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Power utility Duke Energy (DUK) has been enjoying some solid buying pressure in 2014. This big name utility stock is up nearly 20% year-to-date, propelled by a fat dividend yield in a flat interest-rate environment that's showing no real signs of letting up in the intermediate-term. But don't worry if you missed the move this year in DUK; shares look primed to kick off a second leg higher in December.
Duke Energy is currently forming a rounding bottom pattern, a bullish price setup that looks exactly like it sounds. The buy signal comes on a push above resistance up at $83. Don't get thrown off by the fact that the "rounding bottom" in DUK actually comes in at the top of this stock's recent range. This pattern isn't quite textbook, but the trading implications are every bit as bullish on a push through our $83 price ceiling.
The bottom of the pattern at $70 is a logical place to park a protective stop. If shares violate that line in the sand, then lower levels look likely, and you won't want to own it in the first place. Shares were making a parabolic move higher at the start of the fall, which makes quick upside very likely if and when $83 gets taken out by buyers.
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Bank of America
Bank of America (BAC) has been seeing some upside in recent months, rallying almost 20% from its May lows after a slow start to the year. But shares have stalled out more recently, around the $17 range. That's not a reason to get cautious about the BAC trade – in fact, that sideways churn is setting up the reason that shares look buyable right now.
Bank of America is currently forming an inverse head and shoulders setup, a bullish reversal pattern that indicates exhaustion among sellers. You can spot the inverse head and shoulders by looking for two swing lows that bottom out around the same level (the shoulders), separated by a bigger trough called the head; the buy signal comes on the breakout above the pattern’s “neckline” level (that's the $17.40 price level in BAC).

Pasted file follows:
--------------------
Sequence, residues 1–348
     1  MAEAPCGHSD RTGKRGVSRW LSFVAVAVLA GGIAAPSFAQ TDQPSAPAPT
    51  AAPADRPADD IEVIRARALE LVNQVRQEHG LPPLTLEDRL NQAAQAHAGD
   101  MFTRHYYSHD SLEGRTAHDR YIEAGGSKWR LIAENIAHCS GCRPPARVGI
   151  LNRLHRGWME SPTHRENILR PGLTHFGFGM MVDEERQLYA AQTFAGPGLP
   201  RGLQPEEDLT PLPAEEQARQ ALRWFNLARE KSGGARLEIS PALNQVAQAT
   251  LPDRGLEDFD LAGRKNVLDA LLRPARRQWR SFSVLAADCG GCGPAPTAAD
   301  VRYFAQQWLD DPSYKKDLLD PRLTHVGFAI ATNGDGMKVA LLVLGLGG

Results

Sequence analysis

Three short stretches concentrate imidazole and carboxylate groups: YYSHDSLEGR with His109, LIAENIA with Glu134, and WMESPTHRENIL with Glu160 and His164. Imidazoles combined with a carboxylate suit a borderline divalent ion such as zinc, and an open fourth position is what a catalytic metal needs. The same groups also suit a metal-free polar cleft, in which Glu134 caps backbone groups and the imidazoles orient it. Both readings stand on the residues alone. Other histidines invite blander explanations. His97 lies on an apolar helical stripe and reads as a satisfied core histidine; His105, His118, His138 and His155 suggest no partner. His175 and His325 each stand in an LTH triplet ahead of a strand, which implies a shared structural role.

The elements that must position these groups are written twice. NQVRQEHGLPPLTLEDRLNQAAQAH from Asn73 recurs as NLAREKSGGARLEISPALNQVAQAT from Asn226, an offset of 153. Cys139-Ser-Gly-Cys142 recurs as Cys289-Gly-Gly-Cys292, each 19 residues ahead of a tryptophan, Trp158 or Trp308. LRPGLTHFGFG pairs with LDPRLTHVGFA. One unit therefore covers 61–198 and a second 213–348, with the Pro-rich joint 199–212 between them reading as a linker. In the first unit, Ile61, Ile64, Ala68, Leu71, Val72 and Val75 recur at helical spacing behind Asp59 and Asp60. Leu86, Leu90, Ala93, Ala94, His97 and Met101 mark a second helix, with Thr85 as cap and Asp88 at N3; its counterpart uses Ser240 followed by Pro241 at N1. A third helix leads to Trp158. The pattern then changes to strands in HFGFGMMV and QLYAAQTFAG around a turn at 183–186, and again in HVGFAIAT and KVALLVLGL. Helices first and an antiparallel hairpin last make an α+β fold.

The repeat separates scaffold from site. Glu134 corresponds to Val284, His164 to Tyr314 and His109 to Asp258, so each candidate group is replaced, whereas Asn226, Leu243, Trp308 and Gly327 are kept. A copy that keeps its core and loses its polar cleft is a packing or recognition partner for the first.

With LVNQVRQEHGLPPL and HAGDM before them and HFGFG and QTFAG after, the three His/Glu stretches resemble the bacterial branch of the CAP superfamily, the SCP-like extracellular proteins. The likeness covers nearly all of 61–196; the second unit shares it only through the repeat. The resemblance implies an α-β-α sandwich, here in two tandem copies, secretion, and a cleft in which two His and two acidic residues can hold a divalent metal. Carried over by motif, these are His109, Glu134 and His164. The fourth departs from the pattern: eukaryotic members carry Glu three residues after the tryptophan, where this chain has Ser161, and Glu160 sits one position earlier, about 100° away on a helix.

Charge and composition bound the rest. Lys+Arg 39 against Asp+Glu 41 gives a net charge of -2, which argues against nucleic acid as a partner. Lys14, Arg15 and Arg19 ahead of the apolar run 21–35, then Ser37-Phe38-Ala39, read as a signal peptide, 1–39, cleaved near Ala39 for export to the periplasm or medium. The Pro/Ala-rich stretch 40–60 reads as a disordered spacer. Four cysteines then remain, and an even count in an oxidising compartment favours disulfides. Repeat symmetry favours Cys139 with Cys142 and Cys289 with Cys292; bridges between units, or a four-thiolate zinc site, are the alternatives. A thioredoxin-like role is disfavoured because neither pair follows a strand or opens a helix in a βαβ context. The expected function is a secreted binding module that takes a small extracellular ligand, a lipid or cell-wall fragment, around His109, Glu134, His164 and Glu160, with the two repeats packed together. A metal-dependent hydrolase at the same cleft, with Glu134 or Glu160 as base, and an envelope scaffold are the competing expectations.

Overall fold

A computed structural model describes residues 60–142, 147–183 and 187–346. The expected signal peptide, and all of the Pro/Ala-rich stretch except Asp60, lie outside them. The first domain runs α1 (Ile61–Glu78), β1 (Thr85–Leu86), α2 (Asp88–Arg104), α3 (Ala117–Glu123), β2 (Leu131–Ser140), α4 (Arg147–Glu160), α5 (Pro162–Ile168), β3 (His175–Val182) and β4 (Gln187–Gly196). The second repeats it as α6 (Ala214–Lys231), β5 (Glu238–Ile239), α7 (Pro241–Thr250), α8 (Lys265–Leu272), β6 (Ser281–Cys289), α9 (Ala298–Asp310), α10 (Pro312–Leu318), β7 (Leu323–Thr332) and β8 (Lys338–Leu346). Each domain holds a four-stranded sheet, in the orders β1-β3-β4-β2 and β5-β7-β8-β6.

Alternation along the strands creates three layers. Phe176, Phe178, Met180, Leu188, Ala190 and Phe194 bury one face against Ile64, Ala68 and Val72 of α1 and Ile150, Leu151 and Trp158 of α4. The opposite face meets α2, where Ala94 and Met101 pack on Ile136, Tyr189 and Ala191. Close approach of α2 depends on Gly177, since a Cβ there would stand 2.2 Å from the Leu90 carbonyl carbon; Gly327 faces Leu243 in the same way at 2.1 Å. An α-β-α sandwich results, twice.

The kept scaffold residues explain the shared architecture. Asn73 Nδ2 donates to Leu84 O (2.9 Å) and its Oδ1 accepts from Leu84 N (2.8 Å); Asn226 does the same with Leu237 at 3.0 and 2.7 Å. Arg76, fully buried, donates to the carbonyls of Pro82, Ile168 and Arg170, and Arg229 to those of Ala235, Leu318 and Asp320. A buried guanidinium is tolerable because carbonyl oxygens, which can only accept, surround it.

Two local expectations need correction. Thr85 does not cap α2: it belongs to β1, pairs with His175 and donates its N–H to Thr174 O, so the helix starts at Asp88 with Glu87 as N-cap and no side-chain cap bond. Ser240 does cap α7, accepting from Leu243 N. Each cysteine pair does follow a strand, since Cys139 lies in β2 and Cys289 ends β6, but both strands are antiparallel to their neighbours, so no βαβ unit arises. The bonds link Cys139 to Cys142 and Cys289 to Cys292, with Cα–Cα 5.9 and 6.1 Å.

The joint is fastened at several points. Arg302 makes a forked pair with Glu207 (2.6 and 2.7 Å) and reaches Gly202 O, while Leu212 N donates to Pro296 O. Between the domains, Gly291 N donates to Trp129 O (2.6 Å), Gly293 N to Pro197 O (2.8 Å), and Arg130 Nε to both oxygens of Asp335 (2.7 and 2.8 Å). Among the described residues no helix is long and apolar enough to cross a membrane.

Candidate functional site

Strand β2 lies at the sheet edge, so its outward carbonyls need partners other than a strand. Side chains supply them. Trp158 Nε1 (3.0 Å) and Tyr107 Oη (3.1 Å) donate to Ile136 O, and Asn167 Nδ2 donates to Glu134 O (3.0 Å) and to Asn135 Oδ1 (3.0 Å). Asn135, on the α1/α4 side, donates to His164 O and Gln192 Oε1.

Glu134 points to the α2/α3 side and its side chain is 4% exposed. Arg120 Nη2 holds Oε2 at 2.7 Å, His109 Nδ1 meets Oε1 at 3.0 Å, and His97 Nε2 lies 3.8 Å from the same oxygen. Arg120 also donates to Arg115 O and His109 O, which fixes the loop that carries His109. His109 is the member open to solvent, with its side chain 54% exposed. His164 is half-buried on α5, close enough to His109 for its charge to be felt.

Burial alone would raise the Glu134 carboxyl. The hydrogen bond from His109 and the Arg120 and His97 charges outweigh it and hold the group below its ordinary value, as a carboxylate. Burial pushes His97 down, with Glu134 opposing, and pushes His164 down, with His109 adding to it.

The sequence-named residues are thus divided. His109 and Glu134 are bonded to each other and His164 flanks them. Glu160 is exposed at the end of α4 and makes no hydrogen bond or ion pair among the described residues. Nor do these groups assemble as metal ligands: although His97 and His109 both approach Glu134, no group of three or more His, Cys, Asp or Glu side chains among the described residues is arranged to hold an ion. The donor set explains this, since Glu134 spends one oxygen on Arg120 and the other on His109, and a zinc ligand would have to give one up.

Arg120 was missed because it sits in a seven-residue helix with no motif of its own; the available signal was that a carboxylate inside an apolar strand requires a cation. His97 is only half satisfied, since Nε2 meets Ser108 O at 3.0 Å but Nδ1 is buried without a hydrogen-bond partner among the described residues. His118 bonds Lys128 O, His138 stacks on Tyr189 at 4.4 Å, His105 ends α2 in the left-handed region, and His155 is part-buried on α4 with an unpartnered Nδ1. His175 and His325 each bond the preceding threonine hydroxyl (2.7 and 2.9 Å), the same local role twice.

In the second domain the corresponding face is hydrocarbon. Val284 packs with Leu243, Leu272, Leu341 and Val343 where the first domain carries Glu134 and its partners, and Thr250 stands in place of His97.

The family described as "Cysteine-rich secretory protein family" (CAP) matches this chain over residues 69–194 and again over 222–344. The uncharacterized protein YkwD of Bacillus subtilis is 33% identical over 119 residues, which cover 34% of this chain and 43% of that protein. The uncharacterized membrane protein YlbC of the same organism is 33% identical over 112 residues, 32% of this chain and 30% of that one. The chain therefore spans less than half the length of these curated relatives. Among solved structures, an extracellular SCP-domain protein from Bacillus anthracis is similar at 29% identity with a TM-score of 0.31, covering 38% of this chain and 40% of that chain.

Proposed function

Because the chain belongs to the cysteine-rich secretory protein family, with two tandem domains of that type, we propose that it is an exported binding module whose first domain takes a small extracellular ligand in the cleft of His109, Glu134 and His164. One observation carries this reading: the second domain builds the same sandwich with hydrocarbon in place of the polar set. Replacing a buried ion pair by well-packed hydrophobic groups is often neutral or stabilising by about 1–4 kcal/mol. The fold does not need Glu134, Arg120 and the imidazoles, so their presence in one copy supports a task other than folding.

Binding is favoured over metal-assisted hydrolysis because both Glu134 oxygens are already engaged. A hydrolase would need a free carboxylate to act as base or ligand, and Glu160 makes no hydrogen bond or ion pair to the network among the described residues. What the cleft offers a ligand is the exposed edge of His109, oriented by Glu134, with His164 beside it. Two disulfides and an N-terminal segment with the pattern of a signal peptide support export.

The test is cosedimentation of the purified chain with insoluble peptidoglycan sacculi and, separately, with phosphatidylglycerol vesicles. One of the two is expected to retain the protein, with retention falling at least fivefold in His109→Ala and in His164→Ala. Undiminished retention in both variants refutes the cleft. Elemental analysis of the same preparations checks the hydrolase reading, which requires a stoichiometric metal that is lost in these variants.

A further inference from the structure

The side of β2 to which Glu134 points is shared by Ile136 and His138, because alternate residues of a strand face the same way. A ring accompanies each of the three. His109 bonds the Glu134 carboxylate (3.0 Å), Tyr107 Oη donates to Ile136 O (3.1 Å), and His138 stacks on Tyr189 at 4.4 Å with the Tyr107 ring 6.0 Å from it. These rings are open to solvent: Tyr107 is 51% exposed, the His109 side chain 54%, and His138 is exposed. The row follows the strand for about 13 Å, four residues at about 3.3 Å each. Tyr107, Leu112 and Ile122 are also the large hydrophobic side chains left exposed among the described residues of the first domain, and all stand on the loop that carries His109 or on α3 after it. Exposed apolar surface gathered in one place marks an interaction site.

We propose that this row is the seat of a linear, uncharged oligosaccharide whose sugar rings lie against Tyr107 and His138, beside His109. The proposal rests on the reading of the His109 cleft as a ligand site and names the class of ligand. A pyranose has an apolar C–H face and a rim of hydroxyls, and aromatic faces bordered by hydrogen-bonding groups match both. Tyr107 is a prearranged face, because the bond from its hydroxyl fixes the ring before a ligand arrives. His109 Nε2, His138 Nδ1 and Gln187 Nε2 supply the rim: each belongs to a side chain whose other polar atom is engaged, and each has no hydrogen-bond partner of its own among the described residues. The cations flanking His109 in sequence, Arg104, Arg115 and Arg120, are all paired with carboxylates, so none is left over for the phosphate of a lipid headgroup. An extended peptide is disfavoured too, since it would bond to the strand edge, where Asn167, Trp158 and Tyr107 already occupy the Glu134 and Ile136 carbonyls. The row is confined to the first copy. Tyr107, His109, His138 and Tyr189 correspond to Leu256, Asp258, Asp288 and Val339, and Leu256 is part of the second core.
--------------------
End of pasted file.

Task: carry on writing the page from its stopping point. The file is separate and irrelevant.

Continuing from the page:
Shares are within a few cents of that $17.40 level as I write, but that's not an excuse to be early on this trade. $17.40 has batted down shares on the last two attempts through that level, and BAC doesn't become a high-probability trade until that level gets successfully cleared.
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Last up, we're seeing the exact same price action in shares of auction and payment network site eBay (EBAY) . For eBay, the breakout level to watch is $56. Why all of that significance at that $56 level? It all comes down to buyers and sellers. Price patterns like the inverse head and shoulders are a good quick way to identify what's going on in the price action, but they're not the actual reason a stock is tradable. Instead, the "why" comes down to basic supply and demand for EBAY's stock.
The $56 resistance level is a price where there has been an excess of supply of shares; in other words, it's a spot where sellers have previously been more eager to step in and take gains than buyers have been to buy. That's what makes a breakout above $56 so significant. The move means that buyers are finally strong enough to absorb all of the excess supply above that price level.
Momentum, measured by 14-day RSI, adds some extra evidence to upside in EBAY. While this stock's price made lower lows when it made its "head" back in October, RSI actually made a higher low, followed up by an even higher one with the right shoulder this month. That's a good indication that buying pressure is building as shares approach their neckline.
Wait for buyers to push EBAY through $56 before jumping in.
To see this week's trades in action, check out the Must-See Charts portfolio on Stockpickr.
-- Written by Jonas Elmerraji in Baltimore.
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At the time of publication, author had no positions in the names mentioned.
Jonas Elmerraji, CMT, is a senior market analyst at Agora Financial in Baltimore and a contributor to TheStreet. Before that, he managed a portfolio of stocks for an investment advisory that returned 15% in 2008. He has been featured in Forbes , Investor's Business Daily, and on CNBC.com. Jonas holds a degree in financial economics from UMBC and the Chartered Market Technician designation.
Follow Jonas on Twitter @JonasElmerraji